Keeping economies afloat demands logic and attentiveness, two qualities that Brazil is sorely lacking. A study conducted by the National Confederation of Industry unearthed some startling truths about Brazil’s infrastructure, prompting project experts and economists to employ their expertise for the sake of amending Brazil’s fragile state. The study revealed that Brazil terminated a total of 2,796 projects in 2017, with 517 of those works coming from the infrastructure sector. Though this concept may elude Brazil, analysts are well aware of the debilitating impact poor infrastructure can have on a nation’s economy. It’s for this reason why specialists like Felipe Montoro Jens are advocating for change. Read more about Montoro Jens at mundodomarketing.com
As an attempt to fully comprehend how Brazil got to this point, Jens delved into the inner working of Brazil’s infrastructure process. Almost immediately, Jens recognized a glaring flaw in their microplanning procedures. In essence, Brazil’s incompetence is largely responsible for abrupt halts in infrastructure projects. Jens urges Brazil to refine their operations if they ever wish to successfully execute a project. Another overarching setback was technical difficulties. According to Ilana Ferreira, a member of the National Confederation of Industry, ”the main problem that leads to the stoppage of works is technical.” Jens wholeheartedly agrees with Ferreira’s deduction.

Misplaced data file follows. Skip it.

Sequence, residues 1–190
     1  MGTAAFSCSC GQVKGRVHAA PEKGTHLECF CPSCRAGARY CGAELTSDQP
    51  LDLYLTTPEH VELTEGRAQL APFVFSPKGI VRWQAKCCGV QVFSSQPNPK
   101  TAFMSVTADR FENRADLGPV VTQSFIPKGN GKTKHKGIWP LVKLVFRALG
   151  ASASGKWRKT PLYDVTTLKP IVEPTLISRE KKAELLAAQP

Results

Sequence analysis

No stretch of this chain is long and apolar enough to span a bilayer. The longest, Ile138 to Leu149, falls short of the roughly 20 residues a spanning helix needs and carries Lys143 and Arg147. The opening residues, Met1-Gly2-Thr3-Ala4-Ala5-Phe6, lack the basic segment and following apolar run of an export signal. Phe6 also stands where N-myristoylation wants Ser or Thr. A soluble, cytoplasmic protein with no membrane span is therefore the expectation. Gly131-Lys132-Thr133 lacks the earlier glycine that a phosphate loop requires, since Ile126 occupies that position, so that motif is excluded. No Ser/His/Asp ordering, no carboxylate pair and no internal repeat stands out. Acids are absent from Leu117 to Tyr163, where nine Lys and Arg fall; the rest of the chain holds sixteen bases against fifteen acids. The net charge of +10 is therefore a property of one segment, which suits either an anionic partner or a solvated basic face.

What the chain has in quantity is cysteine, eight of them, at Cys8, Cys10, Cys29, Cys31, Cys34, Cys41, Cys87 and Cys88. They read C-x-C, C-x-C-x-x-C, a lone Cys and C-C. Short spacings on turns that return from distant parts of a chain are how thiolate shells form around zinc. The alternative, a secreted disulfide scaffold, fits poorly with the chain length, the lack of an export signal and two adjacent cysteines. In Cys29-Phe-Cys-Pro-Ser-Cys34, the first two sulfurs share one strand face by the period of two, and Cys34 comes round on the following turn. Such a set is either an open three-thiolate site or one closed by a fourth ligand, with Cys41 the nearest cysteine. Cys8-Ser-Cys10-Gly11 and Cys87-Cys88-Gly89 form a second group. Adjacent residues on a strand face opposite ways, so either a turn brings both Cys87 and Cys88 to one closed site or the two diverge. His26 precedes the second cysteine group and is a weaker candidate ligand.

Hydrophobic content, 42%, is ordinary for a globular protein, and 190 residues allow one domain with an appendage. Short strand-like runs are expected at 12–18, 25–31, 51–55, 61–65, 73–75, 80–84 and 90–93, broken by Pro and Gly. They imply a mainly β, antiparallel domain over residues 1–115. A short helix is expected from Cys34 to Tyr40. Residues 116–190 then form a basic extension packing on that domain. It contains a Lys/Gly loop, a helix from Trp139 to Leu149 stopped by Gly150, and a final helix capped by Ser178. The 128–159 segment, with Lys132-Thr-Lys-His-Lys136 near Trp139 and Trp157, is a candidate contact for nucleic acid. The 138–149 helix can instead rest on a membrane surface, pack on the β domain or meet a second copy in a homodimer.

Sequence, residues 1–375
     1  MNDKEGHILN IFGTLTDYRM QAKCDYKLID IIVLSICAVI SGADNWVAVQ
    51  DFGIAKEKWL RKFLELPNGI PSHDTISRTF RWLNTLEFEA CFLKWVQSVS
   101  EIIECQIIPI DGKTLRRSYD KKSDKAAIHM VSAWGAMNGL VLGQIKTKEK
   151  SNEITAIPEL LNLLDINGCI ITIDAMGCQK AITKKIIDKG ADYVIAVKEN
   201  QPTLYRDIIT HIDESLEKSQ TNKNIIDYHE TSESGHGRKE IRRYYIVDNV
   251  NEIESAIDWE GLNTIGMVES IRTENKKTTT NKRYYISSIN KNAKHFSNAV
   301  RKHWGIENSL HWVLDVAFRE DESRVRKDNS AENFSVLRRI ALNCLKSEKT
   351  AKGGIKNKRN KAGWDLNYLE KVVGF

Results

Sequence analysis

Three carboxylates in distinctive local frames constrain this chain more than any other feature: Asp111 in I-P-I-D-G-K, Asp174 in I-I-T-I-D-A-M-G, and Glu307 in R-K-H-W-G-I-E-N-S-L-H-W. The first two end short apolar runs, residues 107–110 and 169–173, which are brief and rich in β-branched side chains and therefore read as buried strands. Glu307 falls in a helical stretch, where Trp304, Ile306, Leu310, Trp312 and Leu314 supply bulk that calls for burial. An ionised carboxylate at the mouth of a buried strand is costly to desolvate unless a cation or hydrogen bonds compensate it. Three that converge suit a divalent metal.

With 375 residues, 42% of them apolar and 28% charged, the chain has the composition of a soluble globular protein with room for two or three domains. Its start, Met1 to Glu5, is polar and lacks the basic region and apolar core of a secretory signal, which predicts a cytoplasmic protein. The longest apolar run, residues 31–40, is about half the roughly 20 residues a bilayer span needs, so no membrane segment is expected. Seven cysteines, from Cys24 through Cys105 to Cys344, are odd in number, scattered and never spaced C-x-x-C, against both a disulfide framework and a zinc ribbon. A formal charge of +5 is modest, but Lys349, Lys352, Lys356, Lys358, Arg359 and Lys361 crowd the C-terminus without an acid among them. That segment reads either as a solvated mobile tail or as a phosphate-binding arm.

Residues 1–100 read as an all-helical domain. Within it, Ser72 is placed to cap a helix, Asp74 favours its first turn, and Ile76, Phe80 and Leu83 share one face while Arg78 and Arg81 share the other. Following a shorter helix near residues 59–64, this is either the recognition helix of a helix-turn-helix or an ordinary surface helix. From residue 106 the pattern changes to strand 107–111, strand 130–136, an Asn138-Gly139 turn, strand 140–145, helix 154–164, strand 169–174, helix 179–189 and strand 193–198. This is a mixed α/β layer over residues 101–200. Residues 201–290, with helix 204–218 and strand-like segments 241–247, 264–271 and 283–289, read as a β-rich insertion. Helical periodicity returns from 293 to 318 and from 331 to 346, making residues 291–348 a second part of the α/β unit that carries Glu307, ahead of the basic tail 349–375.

Jens suggests that a solution to Brazil’s unrelenting technical issues is strengthening internal controls. What’s more, Jens detected a lack of skill in workers. Jens maintains that training programs could easily mitigate this issue. Additional solutions to Brazil’s predicaments include designing more balanced contracts, improving macroplanning, and evaluating execution modality. While Jens has provided a wealth of resolutions, he fears that Brazil will merely balk at these suggestions and carry on with their ill-advised procedures. The National Confederation of Industry echoes Jens’ discontent and hopes that Brazil will institute prompt changes.